I’m the no-longer executive director of a not-technically-religious nonprofit dedicated to peace in a town currently experiencing (like every town in the U.S.) a rise in violence.
It feels audacious to be writing for a spiritual publication on the subject of utopia in this time.
And yet, I am really excited to think about this, and even to share about some of my journey as a way to consider and recognize utopia based on our work in one small corner of Oakland, California. First, though, some context.
You may be familiar with Jesus’ parable of the sower, which taught of the farmer who sows his seed on a path where birds eat it, on rocky soil where it grows and then is burned to death by the sun, among thorns that choke out the sprouts, and on good soil where it grows a huge harvest.
He explains that the seeds on the path are the gospel for those who don’t understand it; the rocks are people who receive the gospel with joy but don’t have roots, so Satan can erase it; the thorns are people who let the gospel get choked by their fear or greed; and the good soil is the gospel landing with those who understand and can hold onto it.
There’s a very different "Parable of the Sower", one that brings me simultaneously more hope and more hopelessness. It is a novel written by afro-futurist Octavia Butler in the ’90s.
So, get this: in the 1990s, Octavia Butler wrote of a near future where poor people have to rely on gardening and hunting to feed themselves because wages for the bottom half aren’t enough to survive on. As a result of economic insecurity, crime has increased, policing doesn’t protect anyone without wealth, and the guy running for president is literally running on a campaign slogan of “Make America Great Again”. Fear and distrust and the need for self-protection function constantly in the background of daily life. She wrote this book in 1993, and died in 2006. This is profoundly prophetic writing.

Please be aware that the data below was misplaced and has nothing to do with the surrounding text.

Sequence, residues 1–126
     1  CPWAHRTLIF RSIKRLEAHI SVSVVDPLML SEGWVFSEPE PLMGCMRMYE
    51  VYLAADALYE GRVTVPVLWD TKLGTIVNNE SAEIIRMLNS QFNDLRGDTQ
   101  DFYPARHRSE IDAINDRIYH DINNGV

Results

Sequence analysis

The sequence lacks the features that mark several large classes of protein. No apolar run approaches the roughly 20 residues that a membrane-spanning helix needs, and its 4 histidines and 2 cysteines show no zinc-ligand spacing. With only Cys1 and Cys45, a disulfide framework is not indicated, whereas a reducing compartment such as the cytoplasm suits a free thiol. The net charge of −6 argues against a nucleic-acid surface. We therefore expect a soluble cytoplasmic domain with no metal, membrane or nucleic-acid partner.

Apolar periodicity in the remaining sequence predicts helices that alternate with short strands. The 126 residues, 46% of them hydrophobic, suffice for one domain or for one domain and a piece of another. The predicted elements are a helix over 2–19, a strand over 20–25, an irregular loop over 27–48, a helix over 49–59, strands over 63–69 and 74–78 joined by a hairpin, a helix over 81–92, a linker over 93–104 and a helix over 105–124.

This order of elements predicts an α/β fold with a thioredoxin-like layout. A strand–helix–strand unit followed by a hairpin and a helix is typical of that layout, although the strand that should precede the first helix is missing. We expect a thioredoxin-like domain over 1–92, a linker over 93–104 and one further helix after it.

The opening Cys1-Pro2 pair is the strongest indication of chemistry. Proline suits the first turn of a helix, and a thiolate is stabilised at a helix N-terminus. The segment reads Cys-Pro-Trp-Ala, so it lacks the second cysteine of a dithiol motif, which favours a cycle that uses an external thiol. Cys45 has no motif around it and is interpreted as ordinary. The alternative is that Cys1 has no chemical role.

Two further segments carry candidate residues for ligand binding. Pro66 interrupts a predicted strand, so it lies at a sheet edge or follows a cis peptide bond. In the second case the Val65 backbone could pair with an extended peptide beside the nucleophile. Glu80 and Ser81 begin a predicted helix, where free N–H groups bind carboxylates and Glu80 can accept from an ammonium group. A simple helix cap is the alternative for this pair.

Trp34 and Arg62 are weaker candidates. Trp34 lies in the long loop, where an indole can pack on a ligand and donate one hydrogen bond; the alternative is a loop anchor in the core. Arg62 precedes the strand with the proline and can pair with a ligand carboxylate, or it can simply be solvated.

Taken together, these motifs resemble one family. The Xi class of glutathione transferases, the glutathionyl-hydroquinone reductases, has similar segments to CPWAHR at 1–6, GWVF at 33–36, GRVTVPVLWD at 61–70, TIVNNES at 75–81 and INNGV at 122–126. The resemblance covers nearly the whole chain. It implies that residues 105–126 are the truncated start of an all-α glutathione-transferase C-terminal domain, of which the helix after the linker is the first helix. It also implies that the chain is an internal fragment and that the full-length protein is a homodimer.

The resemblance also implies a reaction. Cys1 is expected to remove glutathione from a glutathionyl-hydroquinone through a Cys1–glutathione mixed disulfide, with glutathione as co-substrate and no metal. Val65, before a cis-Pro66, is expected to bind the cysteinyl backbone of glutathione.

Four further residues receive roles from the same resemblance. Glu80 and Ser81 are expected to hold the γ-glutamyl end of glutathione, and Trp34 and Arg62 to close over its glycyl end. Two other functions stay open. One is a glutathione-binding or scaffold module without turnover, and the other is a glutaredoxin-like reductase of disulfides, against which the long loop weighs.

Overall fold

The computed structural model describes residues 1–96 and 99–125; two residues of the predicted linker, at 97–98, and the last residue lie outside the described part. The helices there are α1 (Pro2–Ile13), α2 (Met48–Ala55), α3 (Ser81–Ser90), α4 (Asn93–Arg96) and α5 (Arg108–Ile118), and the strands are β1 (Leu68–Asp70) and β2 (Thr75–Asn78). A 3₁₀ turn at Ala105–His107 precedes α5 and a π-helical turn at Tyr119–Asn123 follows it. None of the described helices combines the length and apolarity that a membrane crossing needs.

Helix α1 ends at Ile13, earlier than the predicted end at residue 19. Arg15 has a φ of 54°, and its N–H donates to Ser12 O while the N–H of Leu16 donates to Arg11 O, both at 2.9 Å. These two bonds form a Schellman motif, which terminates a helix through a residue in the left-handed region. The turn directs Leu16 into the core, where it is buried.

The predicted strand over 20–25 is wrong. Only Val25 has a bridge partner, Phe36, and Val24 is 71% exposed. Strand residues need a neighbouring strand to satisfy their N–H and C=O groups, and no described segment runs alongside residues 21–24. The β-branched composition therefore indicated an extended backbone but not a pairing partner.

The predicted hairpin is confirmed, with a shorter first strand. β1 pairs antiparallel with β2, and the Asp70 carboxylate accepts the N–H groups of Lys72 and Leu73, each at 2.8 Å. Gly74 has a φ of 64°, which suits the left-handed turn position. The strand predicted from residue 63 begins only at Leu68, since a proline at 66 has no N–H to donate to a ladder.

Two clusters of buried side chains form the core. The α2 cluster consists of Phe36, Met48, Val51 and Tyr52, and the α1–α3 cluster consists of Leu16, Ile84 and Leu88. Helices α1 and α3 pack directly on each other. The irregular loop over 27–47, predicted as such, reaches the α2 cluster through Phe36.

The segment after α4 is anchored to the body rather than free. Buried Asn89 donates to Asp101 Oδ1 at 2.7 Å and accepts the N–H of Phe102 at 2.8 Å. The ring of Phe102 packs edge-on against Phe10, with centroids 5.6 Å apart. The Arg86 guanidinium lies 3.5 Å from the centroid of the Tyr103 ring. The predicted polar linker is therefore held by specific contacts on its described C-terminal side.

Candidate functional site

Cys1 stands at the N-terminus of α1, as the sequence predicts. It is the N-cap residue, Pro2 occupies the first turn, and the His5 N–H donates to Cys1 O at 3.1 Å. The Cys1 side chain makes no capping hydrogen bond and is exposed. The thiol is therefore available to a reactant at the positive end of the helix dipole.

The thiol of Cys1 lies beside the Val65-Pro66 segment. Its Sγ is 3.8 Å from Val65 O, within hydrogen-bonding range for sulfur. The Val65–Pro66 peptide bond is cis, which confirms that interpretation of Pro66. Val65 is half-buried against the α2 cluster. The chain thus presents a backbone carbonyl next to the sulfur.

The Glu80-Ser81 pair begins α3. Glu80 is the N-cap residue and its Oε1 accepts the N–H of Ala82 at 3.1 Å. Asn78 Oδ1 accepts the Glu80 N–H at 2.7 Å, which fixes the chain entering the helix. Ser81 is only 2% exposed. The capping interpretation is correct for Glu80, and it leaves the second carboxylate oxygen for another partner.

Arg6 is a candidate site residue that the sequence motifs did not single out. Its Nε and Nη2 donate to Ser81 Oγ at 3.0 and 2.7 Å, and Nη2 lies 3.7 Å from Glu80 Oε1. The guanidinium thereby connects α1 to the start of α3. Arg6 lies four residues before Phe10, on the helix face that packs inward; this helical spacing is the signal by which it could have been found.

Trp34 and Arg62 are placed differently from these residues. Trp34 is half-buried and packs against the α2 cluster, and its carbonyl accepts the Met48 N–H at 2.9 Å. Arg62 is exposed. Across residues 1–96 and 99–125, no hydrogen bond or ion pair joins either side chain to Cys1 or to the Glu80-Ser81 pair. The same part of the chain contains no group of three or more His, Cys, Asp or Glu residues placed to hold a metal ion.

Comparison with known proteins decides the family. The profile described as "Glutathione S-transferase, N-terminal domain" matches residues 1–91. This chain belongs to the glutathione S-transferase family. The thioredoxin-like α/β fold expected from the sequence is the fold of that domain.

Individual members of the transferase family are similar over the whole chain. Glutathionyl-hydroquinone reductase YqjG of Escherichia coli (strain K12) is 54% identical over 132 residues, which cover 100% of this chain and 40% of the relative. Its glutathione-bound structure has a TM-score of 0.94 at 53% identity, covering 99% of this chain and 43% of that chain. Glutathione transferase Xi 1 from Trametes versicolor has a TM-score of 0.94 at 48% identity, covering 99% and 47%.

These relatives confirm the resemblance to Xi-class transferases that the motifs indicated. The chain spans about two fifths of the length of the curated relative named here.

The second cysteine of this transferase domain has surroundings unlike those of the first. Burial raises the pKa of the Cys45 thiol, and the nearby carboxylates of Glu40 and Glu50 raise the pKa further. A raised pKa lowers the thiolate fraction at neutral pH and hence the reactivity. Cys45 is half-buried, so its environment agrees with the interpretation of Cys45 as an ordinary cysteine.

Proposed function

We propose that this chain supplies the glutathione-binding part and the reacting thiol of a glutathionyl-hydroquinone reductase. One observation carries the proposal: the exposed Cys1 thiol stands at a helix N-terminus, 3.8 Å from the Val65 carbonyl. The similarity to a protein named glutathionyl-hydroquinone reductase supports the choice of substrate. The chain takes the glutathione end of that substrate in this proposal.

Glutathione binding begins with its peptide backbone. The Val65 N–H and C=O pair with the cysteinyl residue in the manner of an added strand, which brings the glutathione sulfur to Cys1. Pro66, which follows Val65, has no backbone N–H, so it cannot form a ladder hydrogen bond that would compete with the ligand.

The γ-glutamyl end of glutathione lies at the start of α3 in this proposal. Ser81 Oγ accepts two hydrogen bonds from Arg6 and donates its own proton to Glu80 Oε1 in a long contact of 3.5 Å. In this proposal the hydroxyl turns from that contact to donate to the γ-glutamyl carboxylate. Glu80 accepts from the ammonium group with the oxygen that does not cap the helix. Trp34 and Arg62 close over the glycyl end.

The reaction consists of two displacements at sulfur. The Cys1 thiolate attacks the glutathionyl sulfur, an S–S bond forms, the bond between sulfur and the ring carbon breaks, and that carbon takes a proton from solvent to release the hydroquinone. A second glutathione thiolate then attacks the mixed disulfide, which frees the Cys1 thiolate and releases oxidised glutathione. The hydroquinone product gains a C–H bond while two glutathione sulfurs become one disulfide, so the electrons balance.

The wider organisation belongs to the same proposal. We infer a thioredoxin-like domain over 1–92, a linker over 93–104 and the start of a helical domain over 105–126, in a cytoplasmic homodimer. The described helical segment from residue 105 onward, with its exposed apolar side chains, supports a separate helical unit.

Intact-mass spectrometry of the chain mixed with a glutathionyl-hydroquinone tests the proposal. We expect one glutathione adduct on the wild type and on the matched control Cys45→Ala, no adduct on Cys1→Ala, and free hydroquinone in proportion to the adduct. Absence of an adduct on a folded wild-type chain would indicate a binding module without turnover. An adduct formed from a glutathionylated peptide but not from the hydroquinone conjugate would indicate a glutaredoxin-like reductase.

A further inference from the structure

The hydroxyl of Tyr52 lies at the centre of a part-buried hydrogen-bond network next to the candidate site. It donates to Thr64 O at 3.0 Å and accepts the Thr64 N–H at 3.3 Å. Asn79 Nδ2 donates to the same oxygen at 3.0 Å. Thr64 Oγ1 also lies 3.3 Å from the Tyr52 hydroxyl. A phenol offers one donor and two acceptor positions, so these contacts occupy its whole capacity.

Without giving too much away, Butler’s story follows a young woman who seeks to build a new community (and a new religion) in a place where the people can be self-sustaining and take care of each other, and stay under the radar of a government that doesn’t want poor people to be free.
I read this book in the summer of 2016 as another presidential candidate called to “Make America Great Again”, and in the midst of growing food insecurity and displacement of people in the community I served. I called friends from a neighboring church (who had recommended the book to me) to see if they saw the book as alarmingly prophetic as well. One of my friends responded, “Do you all own your land?” She asked this because in the book, the fact that the poor folks are connected with someone who owns land and shares their vision makes all the difference in their survival. My friend’s church owned their land and she wanted to make sure we did, too, so that we would have space where we could protect our people and take care of them.